To install click the Add extension button. That's it.

The source code for the WIKI 2 extension is being checked by specialists of the Mozilla Foundation, Google, and Apple. You could also do it yourself at any point in time.

4,5
Kelly Slayton
Congratulations on this excellent venture… what a great idea!
Alexander Grigorievskiy
I use WIKI 2 every day and almost forgot how the original Wikipedia looks like.
Live Statistics
English Articles
Improved in 24 Hours
Added in 24 Hours
Languages
Recent
Show all languages
What we do. Every page goes through several hundred of perfecting techniques; in live mode. Quite the same Wikipedia. Just better.
.
Leo
Newton
Brights
Milds

Tumbling Tumbleweeds (film)

From Wikipedia, the free encyclopedia

Tumbling Tumbleweeds
Tumbling Tumbleweeds Poster.jpg
Theatrical release poster
Directed byJoseph Kane
Screenplay byFord Beebe
Story byAlan Ludwig
Produced byNat Levine[1]
Starring
Cinematography
Edited byLester Orlebeck
Production
company
Distributed byRepublic Pictures
Release date
  • September 5, 1935 (1935-09-05) (U.S.)
Running time
61 minutes[1]
CountryUnited States
LanguageEnglish
Budget$15,344[1]

Tumbling Tumbleweeds is a 1935 American Western film directed by Joseph Kane and starring Gene Autry, Smiley Burnette, and Lucile Browne.[1] Written by Ford Beebe, the film is about a cowboy who returns home after a five-year absence to find his father murdered and his boyhood pal accused of the dastardly deed. Tumbling Tumbleweeds features the songs "Riding Down the Canyon", "That Silver-Haired Daddy of Mine", and the Bob Nolan classic "Tumbling Tumbleweeds".[1]

Plot

Gene Autry (Gene Autry) returns to his home after a five-year absence as a singing cowboy with a group of strolling players that includes Smiley (Smiley Burnette) and Eightball (Eugene Jackson), who sell Dr. Parker's Painless Panacea. Gene's father, a cattle baron and one of the original "nesters" in the West, was recently murdered during a conflict with his landlord.

While at an abandoned nester's cabin, the group is held up by Harry Brooks (Cornelius Keefe), whom Gene recognizes as his old friend. Wounded and semi-delirious, Harry induces Gene to hide him from the posse headed by Sheriff Manley (George Burton). The deputy later returns and tries to shoot Harry, but Gene chases him away.

In town, the deputy reports to Barney Craven (Edward Hearn), leader of a gang which is trying to silence Harry. Meanwhile, Gene and his friends set up a performance in town, but it is interrupted by Craven's men, who report that Harry is wanted for the murder of Gene's father. Hastening to Harry's home, Gene confronts his former sweetheart Janet, now Harry's wife, and meets Janet's younger sister Jerry (Lucile Browne), whom he had only known as a girl. They assure Gene of Harry's innocence and reveal that Harry and Gene's father were about to sign a settlement over disputed water rights.

Now suspicious of Craven, Gene captures Craven, the deputy, and their cohorts by a series of clever ruses that land them in jail, and thereby vindicates Harry. Gene and Jerry marry and join Smiley and Eightball on the departing Parker wagon.[2]

Cast

  • Gene Autry as Gene Autry
  • Smiley Burnette as Smiley
  • Lucile Browne as Jerry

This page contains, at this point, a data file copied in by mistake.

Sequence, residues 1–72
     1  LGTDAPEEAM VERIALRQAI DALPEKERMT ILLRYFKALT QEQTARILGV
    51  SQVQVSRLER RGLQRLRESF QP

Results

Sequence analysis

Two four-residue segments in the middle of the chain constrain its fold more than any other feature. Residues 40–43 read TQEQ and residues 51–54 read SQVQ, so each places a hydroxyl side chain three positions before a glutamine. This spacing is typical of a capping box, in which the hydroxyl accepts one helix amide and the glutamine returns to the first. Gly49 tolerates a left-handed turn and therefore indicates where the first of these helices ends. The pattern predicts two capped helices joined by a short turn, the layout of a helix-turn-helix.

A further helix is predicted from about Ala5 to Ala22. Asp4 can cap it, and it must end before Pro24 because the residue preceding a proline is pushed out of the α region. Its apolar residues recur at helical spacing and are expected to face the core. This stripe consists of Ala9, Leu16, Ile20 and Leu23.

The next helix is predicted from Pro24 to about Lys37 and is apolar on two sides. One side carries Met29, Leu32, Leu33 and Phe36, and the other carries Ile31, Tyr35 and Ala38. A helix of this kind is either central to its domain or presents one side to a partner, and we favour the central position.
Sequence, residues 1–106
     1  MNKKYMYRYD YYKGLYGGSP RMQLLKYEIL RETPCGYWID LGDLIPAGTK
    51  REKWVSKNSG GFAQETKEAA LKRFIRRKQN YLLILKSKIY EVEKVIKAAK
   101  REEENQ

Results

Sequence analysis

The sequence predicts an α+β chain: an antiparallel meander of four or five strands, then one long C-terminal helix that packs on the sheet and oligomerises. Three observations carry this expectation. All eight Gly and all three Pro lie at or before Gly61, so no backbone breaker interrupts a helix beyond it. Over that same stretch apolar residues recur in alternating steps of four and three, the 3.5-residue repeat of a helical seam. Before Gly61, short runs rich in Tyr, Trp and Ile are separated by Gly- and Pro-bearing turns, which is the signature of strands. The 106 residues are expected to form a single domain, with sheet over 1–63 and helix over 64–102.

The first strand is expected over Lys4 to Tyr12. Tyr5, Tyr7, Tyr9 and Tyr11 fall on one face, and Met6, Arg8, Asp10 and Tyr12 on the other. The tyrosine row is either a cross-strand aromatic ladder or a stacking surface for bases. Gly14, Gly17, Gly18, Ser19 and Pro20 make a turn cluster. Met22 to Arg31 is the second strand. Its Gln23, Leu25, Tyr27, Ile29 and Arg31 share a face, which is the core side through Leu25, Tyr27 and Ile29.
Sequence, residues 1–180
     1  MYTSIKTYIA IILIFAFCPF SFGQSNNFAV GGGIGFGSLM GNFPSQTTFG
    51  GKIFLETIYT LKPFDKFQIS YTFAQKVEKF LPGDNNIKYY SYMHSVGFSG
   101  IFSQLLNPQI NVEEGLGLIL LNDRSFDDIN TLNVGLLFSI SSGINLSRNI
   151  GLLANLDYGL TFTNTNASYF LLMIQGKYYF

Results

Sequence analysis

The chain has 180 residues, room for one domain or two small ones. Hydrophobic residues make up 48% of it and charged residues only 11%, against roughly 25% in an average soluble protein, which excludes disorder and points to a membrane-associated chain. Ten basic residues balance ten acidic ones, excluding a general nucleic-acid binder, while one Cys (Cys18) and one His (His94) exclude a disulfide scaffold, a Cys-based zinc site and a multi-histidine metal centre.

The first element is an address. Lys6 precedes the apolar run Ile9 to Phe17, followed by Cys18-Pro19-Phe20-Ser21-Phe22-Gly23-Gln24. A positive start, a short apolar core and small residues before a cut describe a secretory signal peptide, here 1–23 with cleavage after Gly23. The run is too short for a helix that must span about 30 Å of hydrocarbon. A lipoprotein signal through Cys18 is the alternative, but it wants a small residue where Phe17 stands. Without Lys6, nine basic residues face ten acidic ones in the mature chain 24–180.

• George "Gabby" Hayes as Dr. Parker
  • Norma Taylor as Janet Brooks
  • Edward Hearn as Barney Craven
  • Eugene Jackson as Eightball
  • Jack Rockwell as McWade
  • George Chesebro as Henchman Connors
  • Frankie Marvin as Shorty
  • Cornelius Keefe as Harry Brooks (uncredited)
  • George Burton as Sheriff Manley (uncredited)
  • Bob Card as Deputy (uncredited)
  • Champion as Gene's Horse (uncredited)[3]

Production

Filming and budget

Tumbling Tumbleweeds was filmed July 6–12, 1935. The film had an operating budget of $15,344 (equal to $289,637 today), and a negative cost of $18,801.[1]

Filming locations

Stuntwork

Having learned the art of screen fighting from Yakima Canutt, Gene Autry handled all of the fight scenes himself. Ken Cooper doubled for Autry during the dangerous riding sequences.[4]

Soundtrack

  • "I'll Yodel My Troubles Away" (Gene Autry, Smiley Burnette) by Gene Autry
  • "Cowboy Medicine Show" (Smiley Burnette) by Gene Autry and the Medicine Show troupe
  • "Corn-fed and Rusty" (Smiley Burnette) by Smiley Burnette (vocals and accordion)
  • "Riding Down the Canyon" (Gene Autry, Smiley Burnette) by Gene Autry
  • "That Silver Haired Daddy of Mine" (Gene Autry, Jimmy Long) by Gene Autry
  • "Tumbling Tumbleweeds" (Bob Nolan) by Gene Autry
  • "Oh! Susanna" (Stephen Foster) by the Medicine Show troupe[1]

Reception

In his review of the DVD release of the film for DVD Talk, Stuart Galbraith IV wrote:

Gene Autry's first Western for Republic Pictures—indeed, it's regarded as the very first "singing cowboy" Western ever—is one of his best, a very entertaining programmer that crams a lot of entertainment into its short-and-to-the-point 58 minutes. It's more a Western with music than a typical Gene Autry Western; although the basic components for the dozens of musical Westerns Autry would subsequently make for the studio are on display, it's pleasingly rough around the edges, without the formula blandness that would quickly permeate his films.[5]

References

Citations
  1. ^ a b c d e f g h Magers 2007, p. 26.
  2. ^ a b Magers 2007, p. 27.
  3. ^ Magers 2007, pp. 26–27.
  4. ^ George-Warren 2007, p. 141.
  5. ^ Galbraith IV, Stuart. "Gene Autry Collection: Tumbling Tumbleweeds". DVD Talk. Retrieved May 28, 2012.
Bibliography

External links

This page was last edited on 11 October 2021, at 19:35
Basis of this page is in Wikipedia. Text is available under the CC BY-SA 3.0 Unported License. Non-text media are available under their specified licenses. Wikipedia® is a registered trademark of the Wikimedia Foundation, Inc. WIKI 2 is an independent company and has no affiliation with Wikimedia Foundation.